Some caviar experts don’t know what to make of the trend. “Look, it’s not my style to put caviar on Doritos, but I’m happy for those people,” said Yousefzadeh, the caviar entrepreneur. “It makes me cringe a little, but if it means people are interacting with the product and becoming familiar with it, I will roll with it.”
She’s certainly not opposed to benefiting from it. “I’ve done an event with Fini Pizza in Brooklyn where we put Golden Osetra caviar on a US$5 slice, as well as events for Saks where we make custom tins for each guest,” Yousefzadeh added.
Shirley has been surprised by how many restaurants in New York City now serve caviar. “You only used to see caviar at a handful of restaurants, and now it’s every nice restaurant I go to, even trendy ones,” she said. “I am even seeing caviar at bars. I saw it at American Bar the other night, I thought that was so random.”
Caviar was served in the greenroom during the Grammys last weekend, alongside martinis, juices and bottles of water. “One of our artist’s teams, Jazmine Sullivan, once asked if there would be caviar, and we thought it was a good idea,” said Emile Chaillot, a spokesperson for Grey Goose, which sponsored several Grammy events. “Caviar is not too heavy, not too clingy, not too rich. You can’t go wrong. When you have caviar, no matter what you are doing, it puts you in a mood where you feel special.”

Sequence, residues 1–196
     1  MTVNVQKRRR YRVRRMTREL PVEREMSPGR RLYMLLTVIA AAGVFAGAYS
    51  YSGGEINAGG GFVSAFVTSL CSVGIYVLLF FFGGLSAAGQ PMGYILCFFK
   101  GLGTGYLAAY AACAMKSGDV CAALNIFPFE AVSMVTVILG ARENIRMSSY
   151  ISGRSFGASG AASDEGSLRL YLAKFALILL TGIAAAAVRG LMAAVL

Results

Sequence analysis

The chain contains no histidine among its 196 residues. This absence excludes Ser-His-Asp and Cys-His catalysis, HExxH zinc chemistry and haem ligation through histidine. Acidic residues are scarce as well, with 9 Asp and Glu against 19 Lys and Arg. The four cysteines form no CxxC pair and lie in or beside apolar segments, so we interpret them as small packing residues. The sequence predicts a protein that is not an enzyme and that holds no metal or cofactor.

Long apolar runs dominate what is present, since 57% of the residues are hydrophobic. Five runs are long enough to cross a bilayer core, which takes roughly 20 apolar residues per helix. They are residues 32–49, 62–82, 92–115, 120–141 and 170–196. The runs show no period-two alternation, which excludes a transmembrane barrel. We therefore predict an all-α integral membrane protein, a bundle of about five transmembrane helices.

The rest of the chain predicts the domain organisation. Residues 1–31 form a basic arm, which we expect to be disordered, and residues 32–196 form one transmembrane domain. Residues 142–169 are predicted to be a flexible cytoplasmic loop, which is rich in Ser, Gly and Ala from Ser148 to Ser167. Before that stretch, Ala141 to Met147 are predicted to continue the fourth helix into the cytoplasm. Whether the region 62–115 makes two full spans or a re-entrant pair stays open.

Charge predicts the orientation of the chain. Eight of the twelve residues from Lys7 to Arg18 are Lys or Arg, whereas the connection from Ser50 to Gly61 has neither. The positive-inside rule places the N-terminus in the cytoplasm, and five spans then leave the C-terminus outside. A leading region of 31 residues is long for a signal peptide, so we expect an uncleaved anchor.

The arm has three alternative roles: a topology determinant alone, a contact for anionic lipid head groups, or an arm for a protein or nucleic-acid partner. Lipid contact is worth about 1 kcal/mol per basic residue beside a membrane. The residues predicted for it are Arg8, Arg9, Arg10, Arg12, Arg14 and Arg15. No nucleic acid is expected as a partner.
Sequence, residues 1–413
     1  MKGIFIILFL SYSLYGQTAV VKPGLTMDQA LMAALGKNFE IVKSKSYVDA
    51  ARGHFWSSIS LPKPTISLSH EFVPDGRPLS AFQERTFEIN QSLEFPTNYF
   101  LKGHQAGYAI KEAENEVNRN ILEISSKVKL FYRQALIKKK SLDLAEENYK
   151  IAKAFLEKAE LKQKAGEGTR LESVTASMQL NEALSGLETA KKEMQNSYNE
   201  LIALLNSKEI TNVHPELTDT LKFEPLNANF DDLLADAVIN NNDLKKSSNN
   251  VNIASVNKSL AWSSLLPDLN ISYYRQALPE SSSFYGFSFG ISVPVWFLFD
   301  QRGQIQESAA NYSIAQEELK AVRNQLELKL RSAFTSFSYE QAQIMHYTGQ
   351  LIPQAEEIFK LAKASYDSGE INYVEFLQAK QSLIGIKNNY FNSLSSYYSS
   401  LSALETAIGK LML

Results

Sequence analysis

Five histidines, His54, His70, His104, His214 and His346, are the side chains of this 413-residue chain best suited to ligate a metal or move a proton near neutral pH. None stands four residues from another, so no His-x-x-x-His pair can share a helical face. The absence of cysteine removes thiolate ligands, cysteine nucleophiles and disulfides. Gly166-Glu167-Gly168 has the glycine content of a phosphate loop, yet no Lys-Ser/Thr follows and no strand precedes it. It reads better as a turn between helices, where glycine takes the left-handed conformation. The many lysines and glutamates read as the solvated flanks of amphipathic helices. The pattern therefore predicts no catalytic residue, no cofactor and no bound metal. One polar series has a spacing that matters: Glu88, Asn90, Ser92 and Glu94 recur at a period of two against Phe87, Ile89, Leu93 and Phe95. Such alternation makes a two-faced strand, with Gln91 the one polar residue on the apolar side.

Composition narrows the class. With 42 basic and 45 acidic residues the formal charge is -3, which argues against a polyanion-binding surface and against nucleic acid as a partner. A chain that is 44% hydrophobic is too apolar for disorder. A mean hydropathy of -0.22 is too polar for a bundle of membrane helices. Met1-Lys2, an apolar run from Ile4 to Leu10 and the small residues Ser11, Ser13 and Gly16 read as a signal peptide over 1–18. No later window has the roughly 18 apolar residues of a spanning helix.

Supermarkets are giving caviar more prominent display. “I was at Whole Foods the other day in Aventura, and I walked in and the first thing I saw after the flowers was a fridge display of caviar,” said Danielle Matzon, 31, a TikTok creator in Miami who works for her grandfather’s caviar company, Marky’s Caviar.
There may be a downside to so many at-home hosts, restaurants, bars and parties offering the delicacy. “I don’t feel the need to get it every time I see it on the menu, because I now know it will come around again,” Shirley said. “It doesn’t feel as special as it used to, even though I still absolutely love it.”
“I think I have OD’ed on caviar,” she added.
By Alyson Krueger© The New York Times Company
The article originally appeared in The New York Times.